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Use Pictures and Photos to Draw out Memoir Memories

Sometimes The Best Question Isn’t a Sentence

by Joey on March 24, 2010

Old Photos draw out memoir memories

In 2003, a woman in her early 60’s hired me to teach her how to write a children’s book. Three months later, we sat down for the first time and this is what she said: “Before we get started, I need to tell you something. Three days ago I was diagnosed with terminal spinal cancer.” I asked if she still wanted to write a kid’s book. “No. I want to write my memoirs.”

And so began my first ghostwriting gig. At the time, I didn’t know it was ghostwriting. I only knew that I could write in any style of writing I wanted to. That’s all well and good, but what happens when your client has been in chemotherapy for a week, a month, a year, and either doesn’t have the energy or isn’t motivated to talk about her life? What do you ask someone like that when the scent of death sits at every turn?

You don’t talk at all.

Back then, I used to have breakfast with my grandma every Saturday morning. One Sunday morning – November 30th to be precise – she told me about one of my grandfather’s high-school students, Tom. (My grandpa, Harold, died in 1998. He was a high-school music teacher in Indiana before he moved with my grandma to Arizona in ‘76.)

Apparently, grandma had been getting Christmas letters from Tom, quite steadily, for 10 or 12 years. Once, when she forgot to send him a letter, he wrote her to find out if everything was okay. She was that consistent in her letter-writing. Tom figured something must have been wrong for her to not write.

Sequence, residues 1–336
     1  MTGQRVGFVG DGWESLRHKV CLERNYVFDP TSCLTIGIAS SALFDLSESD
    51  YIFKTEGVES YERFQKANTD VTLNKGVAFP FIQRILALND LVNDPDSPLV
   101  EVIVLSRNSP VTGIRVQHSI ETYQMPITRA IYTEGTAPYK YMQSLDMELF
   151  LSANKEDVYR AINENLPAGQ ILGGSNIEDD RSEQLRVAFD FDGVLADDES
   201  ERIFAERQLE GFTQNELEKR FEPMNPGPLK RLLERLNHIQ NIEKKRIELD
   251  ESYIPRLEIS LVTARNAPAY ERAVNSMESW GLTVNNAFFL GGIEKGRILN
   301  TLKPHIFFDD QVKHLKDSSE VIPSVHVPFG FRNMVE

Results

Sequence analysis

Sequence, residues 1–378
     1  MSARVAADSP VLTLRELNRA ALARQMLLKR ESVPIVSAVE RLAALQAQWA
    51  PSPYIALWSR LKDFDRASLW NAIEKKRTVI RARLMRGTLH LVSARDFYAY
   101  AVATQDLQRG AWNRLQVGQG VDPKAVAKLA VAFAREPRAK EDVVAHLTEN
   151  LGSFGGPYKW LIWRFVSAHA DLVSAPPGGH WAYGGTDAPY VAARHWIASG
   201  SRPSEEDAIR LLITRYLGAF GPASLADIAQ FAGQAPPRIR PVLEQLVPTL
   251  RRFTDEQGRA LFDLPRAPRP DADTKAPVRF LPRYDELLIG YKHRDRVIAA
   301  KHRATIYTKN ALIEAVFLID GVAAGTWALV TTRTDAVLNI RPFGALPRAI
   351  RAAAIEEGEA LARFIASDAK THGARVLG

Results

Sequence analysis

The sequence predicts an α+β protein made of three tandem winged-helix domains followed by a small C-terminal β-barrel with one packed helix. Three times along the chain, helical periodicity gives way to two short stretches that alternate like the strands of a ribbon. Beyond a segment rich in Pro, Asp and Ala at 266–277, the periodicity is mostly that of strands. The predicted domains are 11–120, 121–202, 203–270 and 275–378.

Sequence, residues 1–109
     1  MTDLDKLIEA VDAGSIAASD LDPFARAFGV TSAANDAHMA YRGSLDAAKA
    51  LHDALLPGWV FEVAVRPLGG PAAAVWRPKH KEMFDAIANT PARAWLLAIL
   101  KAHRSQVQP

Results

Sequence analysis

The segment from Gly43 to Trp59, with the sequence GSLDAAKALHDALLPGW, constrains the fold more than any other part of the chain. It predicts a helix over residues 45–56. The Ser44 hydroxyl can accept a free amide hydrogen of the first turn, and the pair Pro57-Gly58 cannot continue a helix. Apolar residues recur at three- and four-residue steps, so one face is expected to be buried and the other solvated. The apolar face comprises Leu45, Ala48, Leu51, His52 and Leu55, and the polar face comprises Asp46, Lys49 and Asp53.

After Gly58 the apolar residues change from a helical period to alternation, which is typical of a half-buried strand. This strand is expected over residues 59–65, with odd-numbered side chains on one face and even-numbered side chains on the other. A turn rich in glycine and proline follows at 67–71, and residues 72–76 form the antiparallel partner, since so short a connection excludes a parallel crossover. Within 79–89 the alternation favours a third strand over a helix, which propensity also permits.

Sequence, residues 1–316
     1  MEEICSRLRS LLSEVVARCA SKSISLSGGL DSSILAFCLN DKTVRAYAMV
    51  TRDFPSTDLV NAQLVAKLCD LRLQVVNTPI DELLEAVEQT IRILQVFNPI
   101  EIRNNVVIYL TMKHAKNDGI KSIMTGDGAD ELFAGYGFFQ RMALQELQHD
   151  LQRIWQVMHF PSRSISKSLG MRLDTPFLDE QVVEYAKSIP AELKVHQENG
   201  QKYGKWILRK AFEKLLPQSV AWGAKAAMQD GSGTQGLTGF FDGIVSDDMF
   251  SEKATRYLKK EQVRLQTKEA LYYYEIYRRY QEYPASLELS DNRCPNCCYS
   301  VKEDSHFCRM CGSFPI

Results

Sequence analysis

Grandma said that Tom, who played the saxophone, now lived in New York and was very involved in the theater as an actor. I had the sudden urge to chat with him, thinking that writers and actors share a common love of words and he’s likely have some wonderful stories about my grandfather that I’d never hear otherwise.

So I asked grandma about this and she dug out Tom’s address.

That’s when the photo album came out. “Here’s Tom,” she said.

There he was, holding his sax. Very quickly, this led to pictures of my grandfather gleefully playing the marimba, which led to pictures of people grandma hadn’t seen in awhile and all kinds of other pictures.

When I asked about the long-haired, blond girl holding the microphone at my grandfather’s high-school retirement party, she said, “She had a wonderful voice. She could sing better than anyone we knew and with a voice far beyond her young years. But I’ll tell you something, Joey. Your grandfather got her an audition with this well-respected opera instructor in New York and when she sang for him, the opera instructor told her, ‘You have a very nice voice, but until your heart has been broken, you won’t be able to sing opera.’”

Is this the part where I tell you that showing a picture to a client can open up stories and great quotes like the one my grandma uttered? Yes. But it’s also the part where I tell you that at the time this happened it didn’t occur to me that I could use pictures to open up the willpower and memory of my client who was struggling through cancer.

How could it not occur to me?

Easy. It was my first ghostwriting assignment. And I was so awed by what the opera instructor said about the need for a heart to be broken to sing opera, that I didn’t see a tool that could greatly help me out with my cancer client. I was seduced so much by the words that I didn’t see the pictures that brought them out in the first place.

[Photo by michab37]

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